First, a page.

On a hot work day like this, you need to take a relaxing break from time to time. While at it, why not play with the altmetrics web app? For example, you might ask yourself: are there any publications on games or gaming? Well yes, indeed there are.
But before we continue, some general remarks on two extra data sets.
The colour of the circle still shows the School, but some circles have got a yellowish outer layer (that’s stroke in the ggvis parlance, and the colour is officially gold). This tells that the item – article or journal, depending on the dimension – is Open Access. More precisely, one that belongs to the core journal collection of Web of Science, and has a record in the Directory of Open Access Journals (DOAJ). I mentioned this in my previous posting, but let me repeat: data is courtesy of Lib4RI from Switzerland. Danke schön!
The other new data set is of Finnish origin, by Publication Forum (JUFO). JUFO is now among the values you can choose to either axis. What JUFO does is that it gives a ranking to publications. You may have heard, that Ministry of Education and Culture is revising the funding model for universities as of 2015. Here’s a quote from the proposal:
The publication ratings system devised by the publication forum would be used as a rating in the computation of funding so that the quality perspective would be strengthened over a transitional period of 2015-2016 and would be even more pronounced as of 2017. During the transitional period the rating of publications would be executed so that in Level 0 the coefficient for peer reviewed scientific articles and publications would be 1, in Level 1 it would be 1.5 and in Levels 2 and 3 it would be 3.
As far as I know, the Level 0 is not used any longer, or at least it is absent from the data. Few publications have no Level at all. If you see some circles that float in the outskirts of the plotted graph, it’s these ones, because without any value they don’t fit in the scale.
BTW, if you wonder what JUFO stands for, it comes from the Finnish word Julkaisufoorumi.
Back to games.
Here we have, in a JUFO ranking vs WoS citation comparison, 10 items chosen from the Title dimension (type game). But wait, why only 8 circles? That’s because some share exact the same values, and are thus plotted on top of each other.
Articles are spread on all JUFO Levels. One Open Access item on Level 2.
All but two have been cited, but one is higher on the vertical axis. Hover over it. From the tooltip you’ll see the first words of the title. It’s about the psychophysiology of none else than James Bond, published in the journal Emotion in 2008.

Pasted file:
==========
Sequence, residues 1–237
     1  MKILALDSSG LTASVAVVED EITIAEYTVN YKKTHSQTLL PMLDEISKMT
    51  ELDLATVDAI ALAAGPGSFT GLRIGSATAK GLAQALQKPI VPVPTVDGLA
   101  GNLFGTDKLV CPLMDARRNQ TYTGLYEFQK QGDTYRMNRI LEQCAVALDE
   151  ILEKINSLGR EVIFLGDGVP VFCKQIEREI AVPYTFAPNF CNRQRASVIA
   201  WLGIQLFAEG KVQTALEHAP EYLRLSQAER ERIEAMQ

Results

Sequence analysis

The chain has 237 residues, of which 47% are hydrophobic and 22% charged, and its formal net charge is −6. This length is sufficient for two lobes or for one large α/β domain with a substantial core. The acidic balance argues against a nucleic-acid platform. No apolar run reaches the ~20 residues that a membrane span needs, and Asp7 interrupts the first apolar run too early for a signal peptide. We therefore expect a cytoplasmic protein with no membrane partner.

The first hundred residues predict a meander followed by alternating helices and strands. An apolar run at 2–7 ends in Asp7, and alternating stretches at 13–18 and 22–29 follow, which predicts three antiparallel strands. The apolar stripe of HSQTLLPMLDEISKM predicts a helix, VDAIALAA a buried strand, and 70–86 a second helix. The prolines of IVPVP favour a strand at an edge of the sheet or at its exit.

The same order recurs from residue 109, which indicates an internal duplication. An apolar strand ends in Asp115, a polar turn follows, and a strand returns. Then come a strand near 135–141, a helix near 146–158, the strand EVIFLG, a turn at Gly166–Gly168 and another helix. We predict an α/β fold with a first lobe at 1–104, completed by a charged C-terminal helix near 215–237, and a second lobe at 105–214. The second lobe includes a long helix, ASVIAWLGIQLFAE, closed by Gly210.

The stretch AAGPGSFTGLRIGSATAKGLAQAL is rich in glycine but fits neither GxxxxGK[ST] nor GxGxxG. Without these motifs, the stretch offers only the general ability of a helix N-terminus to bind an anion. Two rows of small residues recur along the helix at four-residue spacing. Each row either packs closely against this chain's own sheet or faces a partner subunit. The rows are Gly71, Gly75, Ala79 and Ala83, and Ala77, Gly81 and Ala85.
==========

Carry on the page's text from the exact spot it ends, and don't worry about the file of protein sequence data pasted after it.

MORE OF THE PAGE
What about altmetrics? Change the vertical axis to Twitter and horizontal to, say, Altmetric score.
Now the picture changes a little. The most tweeted article is the one published in PLOS One, which is Open Access. To me, this seems logical; it doesn’t usually make much sense to tweet about an URL that cannot be accessed by all readers.
In their posting The 3 dangers of publishing in “megajournals”–and how you can avoid them, the ImpactStory blog refers to research findings which state that Open Access can get you more readers, and also more citations. Here, we cannot really see either, for two reasons.
First, to have any clue of the amount of readers, i.e. page views and PDF downloads, you need to traverse the links all the way to the publication site, and find the Metrics page or some such. It’s worth doing, though, if you have time, because information there gives much more context.
Second, there is only one Open Access item in my small sample, published last year. It has zero WoS citations so far, but you’d need to be a clairvoyant to say anything more. From my small PLOS ALM visualization you can check the (somewhat outdated) status of that article, Keep Your Opponents Close: Social Context Affects EEG and fEMG Linkage in a Turn-Based Computer Game.
If you’re interested in Altmetric scores, follow the links to their article landing page, and have a look at the percentiles given there, in the Score tab. There is also a link to this helpful knowledgebase article on how the score is calculated. In this game sample, it looks as if the amount of tweets would affect the score, don’t you think?
Talking about megajournals, do we have examples of them in this web application? Turns out there are only two: PLOS ONE, and Scientific Reports.
It looks like being Open Access doesn’t harm impact, and why would it? A lot of activity here, both in the number of tweets and citations. But, citations and tweets don’t go hand in hand, something that has been shown to be the case.